2020 was a challenging year for all of us. COVID-19 altered our lives in so many ways. But the pandemic has not been the only tragedy that our society has faced in last year. There also has been social unrest brought on by the continued racial injustices plaguing American society. As a result, there have been much needed conversations taking place around the subjects of diversity, equity, and inclusion.
If we are honest with ourselves, these are conversations that should have taken place years ago. What we are seeing is not a new phenomenon or unique. Before the deaths of George Floyd, Rayshard Brooks, and Breonna Taylor, there were the untimely – and unnecessary deaths – of Trayvon Martin, Eric Garner, and Michael Brown. Sadly, you could say it is the “same story, different year.”
The topics of diversity, equity, and inclusion are important ones at an institution of higher learning, especially at the state’s flagship institution. The University of Georgia is considered a leader in the state, national, and even international arenas. But following the recognition of the 60th anniversary of desegregation, which honored the legacies of Hamilton Holmes (BS ’63) and Charlayne Hunter-Gault (ABJ ’63), is the realization that there is still much work to be done to make our university, not just a diverse institution, but even more importantly, an equitable and inclusive one.
The College of Pharmacy has its own desegregation trailblazer. In 1970, William Robie III became the first African-American student to graduate from the College of Pharmacy. Robie’s story is one that has become quite familiar at the College. Annually, Dr. Vivia Hill-Silcott, the Director of Diversity Programs and Academic Support, has Robie speak to CoP students about his experience. And it is quite the story.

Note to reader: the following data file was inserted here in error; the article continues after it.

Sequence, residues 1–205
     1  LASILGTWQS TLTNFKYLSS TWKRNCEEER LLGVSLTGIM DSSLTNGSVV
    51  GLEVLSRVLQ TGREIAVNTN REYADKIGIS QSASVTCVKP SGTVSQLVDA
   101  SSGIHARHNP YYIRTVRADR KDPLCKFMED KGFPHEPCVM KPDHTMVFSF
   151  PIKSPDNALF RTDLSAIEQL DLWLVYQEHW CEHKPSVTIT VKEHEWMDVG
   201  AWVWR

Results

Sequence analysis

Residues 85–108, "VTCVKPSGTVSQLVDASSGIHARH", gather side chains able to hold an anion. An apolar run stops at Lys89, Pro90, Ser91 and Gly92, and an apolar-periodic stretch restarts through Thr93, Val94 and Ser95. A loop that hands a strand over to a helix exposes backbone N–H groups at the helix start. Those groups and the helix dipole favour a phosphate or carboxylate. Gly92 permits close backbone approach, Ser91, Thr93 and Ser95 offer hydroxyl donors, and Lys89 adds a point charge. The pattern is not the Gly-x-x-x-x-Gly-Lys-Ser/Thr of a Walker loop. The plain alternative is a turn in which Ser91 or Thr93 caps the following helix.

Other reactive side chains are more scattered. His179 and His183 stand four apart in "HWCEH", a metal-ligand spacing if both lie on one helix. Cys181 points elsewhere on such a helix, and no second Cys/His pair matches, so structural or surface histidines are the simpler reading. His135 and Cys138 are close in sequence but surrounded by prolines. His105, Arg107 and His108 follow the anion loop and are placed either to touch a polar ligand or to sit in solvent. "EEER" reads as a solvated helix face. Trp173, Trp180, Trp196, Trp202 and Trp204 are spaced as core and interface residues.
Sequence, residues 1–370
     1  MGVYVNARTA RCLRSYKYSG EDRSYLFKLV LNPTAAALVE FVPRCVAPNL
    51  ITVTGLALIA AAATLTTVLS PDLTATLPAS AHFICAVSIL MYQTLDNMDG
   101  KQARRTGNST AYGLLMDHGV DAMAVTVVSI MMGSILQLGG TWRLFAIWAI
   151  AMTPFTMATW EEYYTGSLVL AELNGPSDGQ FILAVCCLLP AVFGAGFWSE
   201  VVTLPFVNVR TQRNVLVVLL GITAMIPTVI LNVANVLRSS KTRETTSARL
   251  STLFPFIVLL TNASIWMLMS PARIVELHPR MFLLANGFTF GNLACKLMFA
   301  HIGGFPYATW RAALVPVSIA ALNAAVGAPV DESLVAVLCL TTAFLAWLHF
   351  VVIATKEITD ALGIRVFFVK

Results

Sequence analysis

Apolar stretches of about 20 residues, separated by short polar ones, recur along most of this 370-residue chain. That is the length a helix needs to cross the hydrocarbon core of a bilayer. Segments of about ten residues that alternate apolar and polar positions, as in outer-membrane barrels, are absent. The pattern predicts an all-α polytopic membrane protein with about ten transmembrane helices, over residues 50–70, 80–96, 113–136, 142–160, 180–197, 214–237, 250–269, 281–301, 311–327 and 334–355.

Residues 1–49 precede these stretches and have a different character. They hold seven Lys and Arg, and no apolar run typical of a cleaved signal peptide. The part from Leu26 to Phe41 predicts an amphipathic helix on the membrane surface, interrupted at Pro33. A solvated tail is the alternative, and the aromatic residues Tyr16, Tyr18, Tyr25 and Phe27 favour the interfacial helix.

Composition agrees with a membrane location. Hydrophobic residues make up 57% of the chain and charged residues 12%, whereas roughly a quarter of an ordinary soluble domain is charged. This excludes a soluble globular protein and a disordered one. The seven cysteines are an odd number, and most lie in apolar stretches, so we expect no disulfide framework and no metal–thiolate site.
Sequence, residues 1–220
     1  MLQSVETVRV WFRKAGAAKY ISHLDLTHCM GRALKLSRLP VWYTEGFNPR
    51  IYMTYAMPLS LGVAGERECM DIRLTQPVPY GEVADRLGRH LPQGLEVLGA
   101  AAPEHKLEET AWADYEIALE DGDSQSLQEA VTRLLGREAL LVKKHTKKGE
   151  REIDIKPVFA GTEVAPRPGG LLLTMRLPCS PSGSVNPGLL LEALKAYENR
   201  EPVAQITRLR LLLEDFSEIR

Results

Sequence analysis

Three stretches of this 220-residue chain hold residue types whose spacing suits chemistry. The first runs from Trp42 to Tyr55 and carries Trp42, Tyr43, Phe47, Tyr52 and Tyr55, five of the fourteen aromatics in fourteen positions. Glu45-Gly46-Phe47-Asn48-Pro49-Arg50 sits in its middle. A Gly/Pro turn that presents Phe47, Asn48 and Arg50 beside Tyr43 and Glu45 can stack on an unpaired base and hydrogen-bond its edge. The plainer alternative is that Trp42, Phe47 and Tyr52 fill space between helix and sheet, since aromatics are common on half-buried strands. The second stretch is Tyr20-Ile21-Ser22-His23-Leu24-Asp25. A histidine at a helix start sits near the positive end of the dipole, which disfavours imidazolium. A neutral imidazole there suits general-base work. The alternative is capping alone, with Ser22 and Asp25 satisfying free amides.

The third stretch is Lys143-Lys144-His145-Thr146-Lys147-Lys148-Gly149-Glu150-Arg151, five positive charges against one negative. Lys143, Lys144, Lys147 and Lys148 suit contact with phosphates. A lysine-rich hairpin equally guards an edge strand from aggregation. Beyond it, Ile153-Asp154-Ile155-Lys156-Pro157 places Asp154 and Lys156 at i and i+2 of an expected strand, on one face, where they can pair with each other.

Fifty years following Robie’s graduation, the College of Pharmacy is still working towards breaking down barriers and embracing diversity. Two of our deans have played an integral role in doing this. Dr. Stuart Feldman served as dean between 1992-2000. Feldman is credited with hiring the first African-American faculty member, Dr. Marie Chisholm-Burns ’92, ’93, now Dean of the College of Pharmacy at the University of Tennessee. It was during Feldman’s tenure that the UGA Chapter of the Student National Pharmaceutical Association (SNPhA) was established. SNPhA is an educational service association of pharmacy students who are concerned about the profession of pharmacy, healthcare issues, and the poor minority representation in these areas. SNPhA has remained one of the College’s most active and impactful student organizations.
Then, during the tenure of Dr. Svein Øie, 2000-2018, the College created a position to focus on strengthening diversity initiatives and programs. For the past 15 years, Dr. Vivia Hill-Silcott has served as the College’s leader in diversity programming. A great example of Hill-Silcott’s contributions to the College are recent town hall conversations. The first of these, back in June, was billed as a ‘courageous conversation’ to explore feelings around Black Lives Matter and racism in policing. In October, the College hosted a virtual discussion entitled, In a Time of Racial Injustice, We are All in this Together.
A specific initiative that has annually brought the likes of Robie, Feldman, and Hill-Silcott together is the Stuart Feldman Summer Institute. Through the support of Robie, Feldman, and the College, Hill-Silcott hosts a six-day summer program that exposes high school students to the many career opportunities that are available in the pharmacy profession. The program was created in 2010 to engage economically disadvantaged high school students who had a strong aptitude in math and science. This program would not be possible without generous philanthropic support of Robie and Feldman.